It is now estimated that American companies hold trillions of dollars in cash or cash equivalents in foreign countries.
One would naturally assume they would like to bring this money home, as many of these companies are carrying large amounts of debt on their U.S. balance sheets. Their cash is overseas and their debt is here.
This strange fact occurs almost entirely because of our tax laws. If a company wants to bring back money it has made in China or India, it must pay a 35 percent U.S. tax on that repatriation. In addition, it is likely the country from which the funds are returned will also hit the company with a tax. In China, that would be 10 percent and in India it would be 17 percent.
The practical effect is twofold. First, companies with most of their cash overseas are given an incentive to invest that cash overseas. For example, XYZ company wishes to buy, expand or invest in the United States and needs to use some of its foreign cash to do it. To make sense, that investment must be able to justify a minimum of a 35 percent cost premium because that is the cost of bringing the money back. Thus, an investment in the United States that might cost $1 billion actually costs the firm $1.35 billion.
It’s hard to make numbers like that work. Not many CEOs would want to put their businesses at a 35 percent disadvantage to their shareholders.
This explains one major reason why we are not seeing a great deal of investment and jobs created here. How stupid is it to penalize our domestic corporations with this sort of tax policy? We are essentially the only industrialized nation that has this approach to taxing foreign income of domestic companies.
House Ways and Means Committee Chairman Dave Camp (R-Mich.) gets it. He has proposed a bill to change our universal system to a territorial system along the lines of our competitors with the safeguards to make sure that corporations could not game the system.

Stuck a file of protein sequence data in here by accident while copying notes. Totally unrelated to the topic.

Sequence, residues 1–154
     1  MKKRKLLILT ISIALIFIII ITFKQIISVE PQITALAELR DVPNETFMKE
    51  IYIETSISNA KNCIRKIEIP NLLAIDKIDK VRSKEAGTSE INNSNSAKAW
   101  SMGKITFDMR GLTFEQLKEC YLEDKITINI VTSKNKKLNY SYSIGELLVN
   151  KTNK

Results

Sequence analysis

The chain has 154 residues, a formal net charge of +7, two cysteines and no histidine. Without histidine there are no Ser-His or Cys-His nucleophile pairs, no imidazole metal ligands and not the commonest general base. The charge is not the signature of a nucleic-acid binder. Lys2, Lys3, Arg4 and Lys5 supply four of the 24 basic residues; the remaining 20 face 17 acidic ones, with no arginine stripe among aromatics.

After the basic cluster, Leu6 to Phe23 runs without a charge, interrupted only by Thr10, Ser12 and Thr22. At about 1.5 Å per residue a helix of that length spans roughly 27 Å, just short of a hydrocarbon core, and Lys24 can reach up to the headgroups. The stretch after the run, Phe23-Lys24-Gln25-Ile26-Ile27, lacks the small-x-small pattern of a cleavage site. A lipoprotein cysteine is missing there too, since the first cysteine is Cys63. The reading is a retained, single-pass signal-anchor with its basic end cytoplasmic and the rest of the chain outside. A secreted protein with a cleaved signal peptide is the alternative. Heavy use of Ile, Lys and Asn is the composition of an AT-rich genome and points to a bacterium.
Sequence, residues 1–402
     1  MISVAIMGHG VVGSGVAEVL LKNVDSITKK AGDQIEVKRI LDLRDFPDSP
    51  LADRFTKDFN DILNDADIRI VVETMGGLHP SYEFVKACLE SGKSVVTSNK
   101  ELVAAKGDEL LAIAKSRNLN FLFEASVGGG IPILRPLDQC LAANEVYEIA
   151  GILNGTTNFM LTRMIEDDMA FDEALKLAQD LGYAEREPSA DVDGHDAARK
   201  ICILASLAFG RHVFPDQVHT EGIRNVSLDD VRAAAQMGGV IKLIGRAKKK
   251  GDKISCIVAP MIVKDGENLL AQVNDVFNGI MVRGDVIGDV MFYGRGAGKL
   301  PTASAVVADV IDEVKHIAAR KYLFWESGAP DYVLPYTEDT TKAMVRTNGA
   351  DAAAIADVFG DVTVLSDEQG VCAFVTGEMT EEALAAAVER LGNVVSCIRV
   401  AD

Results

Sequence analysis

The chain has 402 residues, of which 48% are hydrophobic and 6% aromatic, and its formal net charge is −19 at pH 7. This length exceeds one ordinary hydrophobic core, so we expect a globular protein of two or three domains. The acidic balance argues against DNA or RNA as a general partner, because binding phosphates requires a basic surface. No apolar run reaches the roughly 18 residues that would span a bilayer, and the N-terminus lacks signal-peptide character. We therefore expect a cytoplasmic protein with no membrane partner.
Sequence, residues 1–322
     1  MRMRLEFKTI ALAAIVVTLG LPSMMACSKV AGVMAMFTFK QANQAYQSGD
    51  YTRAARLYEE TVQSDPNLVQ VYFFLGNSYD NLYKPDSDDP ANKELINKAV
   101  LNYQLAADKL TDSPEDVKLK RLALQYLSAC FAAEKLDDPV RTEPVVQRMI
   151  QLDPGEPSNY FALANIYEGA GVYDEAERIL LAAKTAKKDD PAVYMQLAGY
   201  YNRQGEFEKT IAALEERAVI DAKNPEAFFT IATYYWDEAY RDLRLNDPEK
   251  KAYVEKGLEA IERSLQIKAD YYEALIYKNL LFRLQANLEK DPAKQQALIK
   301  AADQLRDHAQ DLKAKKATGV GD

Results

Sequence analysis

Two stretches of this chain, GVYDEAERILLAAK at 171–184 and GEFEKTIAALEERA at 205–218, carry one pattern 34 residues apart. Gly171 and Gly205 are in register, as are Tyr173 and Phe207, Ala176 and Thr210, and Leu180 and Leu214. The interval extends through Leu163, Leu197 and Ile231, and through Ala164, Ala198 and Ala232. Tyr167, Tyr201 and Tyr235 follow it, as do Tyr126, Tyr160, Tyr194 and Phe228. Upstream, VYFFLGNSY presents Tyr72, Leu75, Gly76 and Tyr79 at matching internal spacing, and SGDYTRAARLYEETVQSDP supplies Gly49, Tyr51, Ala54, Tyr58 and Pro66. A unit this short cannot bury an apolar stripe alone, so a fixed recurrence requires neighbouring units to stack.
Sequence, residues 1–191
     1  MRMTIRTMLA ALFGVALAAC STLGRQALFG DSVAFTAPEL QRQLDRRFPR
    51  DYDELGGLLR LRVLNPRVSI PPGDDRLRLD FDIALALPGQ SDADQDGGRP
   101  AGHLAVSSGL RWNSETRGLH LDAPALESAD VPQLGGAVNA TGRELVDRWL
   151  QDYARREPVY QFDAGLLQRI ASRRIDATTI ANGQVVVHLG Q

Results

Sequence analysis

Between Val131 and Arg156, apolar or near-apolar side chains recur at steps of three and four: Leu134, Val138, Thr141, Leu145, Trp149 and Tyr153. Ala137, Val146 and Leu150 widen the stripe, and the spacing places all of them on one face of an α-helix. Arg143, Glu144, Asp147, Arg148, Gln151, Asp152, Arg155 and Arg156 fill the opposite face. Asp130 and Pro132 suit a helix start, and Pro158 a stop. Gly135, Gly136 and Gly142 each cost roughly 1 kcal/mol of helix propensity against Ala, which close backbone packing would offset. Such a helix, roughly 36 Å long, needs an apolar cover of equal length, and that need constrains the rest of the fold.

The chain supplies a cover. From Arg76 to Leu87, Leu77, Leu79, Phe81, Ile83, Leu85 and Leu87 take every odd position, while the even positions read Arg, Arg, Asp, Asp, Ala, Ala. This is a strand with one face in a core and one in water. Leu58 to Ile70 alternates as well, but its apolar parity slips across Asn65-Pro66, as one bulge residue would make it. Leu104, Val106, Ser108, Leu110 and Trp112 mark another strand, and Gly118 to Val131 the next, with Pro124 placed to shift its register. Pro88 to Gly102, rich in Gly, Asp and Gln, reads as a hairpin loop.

This proposal would be a tremendous step forward in our efforts to level the playing field in international tax policy and give American companies a reason to repatriate money made overseas.
Unfortunately, it will take time to pass his bill in this divided Congress, and we really do not have a great deal of time. We need this massive amount of cash back in the United States to be invested in creating jobs or at least paying dividends so pension funds and other stockholders can start putting the money to work here in America.
While we wait for a lightning bolt of common sense to strike the Capitol and cause some movement of Camp’s idea, we need intermediate action. It could be expedited by the supercommittee and would assist them in addressing the deficit and long-term debt.
The supercommittee should propose a tax holiday on repatriation. It would need to be conditioned so the funds returned are put to work in U.S. securities, purchasing U.S. assets, adding jobs or paying dividends.
We tried such a holiday a few years ago and it worked well. This time, it would be even more robustly embraced with even more dollars overseas and with the United States a much better place to invest than Europe.
The only thing that holds this back is the arcane scoring of the Congressional Budget Office, which assumes somehow that one day this money will return as a 35 percent tax event.
It is not going to happen. No corporation is going to do that. The money will stay overseas and be used to create jobs and economic activity there. Under no scenario can a 35 percent cost premium justify repatriation.
Instead of using this logic for scoring, CBO would be much wiser to consider what would happen in the real world. If companies were allowed to repatriate their overseas earnings at a reasonable cost, then one could assume billions, if not trillions, would come back.
If those dollars were paid out in dividends, they would be subject to a 15 percent tax. On $1 trillion, this would amount to $150 billion of unexpected revenue for the federal government.
There are many different ways to get this economy going again. Some are complicated, some politically challenging, some require a leap of confidence and one or two are “no brainers.” This is a no brainer. It is time to get this massive amount of funds back here where it can help us create jobs and get this nation’s economic engines fired up again.
Judd Gregg is a former governor and three-term senator from New Hampshire who served as chairman and ranking member of the Senate Budget Committee and as ranking member of the Senate Appropriations subcommittee on Foreign Operations. He also is an international adviser to Goldman Sachs.